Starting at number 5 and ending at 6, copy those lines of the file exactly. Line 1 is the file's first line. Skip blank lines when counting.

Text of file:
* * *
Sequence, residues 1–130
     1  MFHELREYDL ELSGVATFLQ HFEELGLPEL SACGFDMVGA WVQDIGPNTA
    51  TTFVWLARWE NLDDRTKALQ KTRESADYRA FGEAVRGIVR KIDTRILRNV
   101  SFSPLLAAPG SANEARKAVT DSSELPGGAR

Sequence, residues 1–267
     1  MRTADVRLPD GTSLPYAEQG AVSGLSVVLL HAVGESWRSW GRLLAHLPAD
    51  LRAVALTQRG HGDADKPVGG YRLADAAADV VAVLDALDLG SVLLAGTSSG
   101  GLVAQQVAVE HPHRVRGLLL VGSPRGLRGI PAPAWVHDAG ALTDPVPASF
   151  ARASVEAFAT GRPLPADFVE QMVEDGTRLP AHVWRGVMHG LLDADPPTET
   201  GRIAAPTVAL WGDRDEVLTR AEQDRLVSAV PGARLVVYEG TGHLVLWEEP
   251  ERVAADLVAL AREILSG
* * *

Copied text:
Sequence, residues 1–267
     1  MRTADVRLPD GTSLPYAEQG AVSGLSVVLL HAVGESWRSW GRLLAHLPAD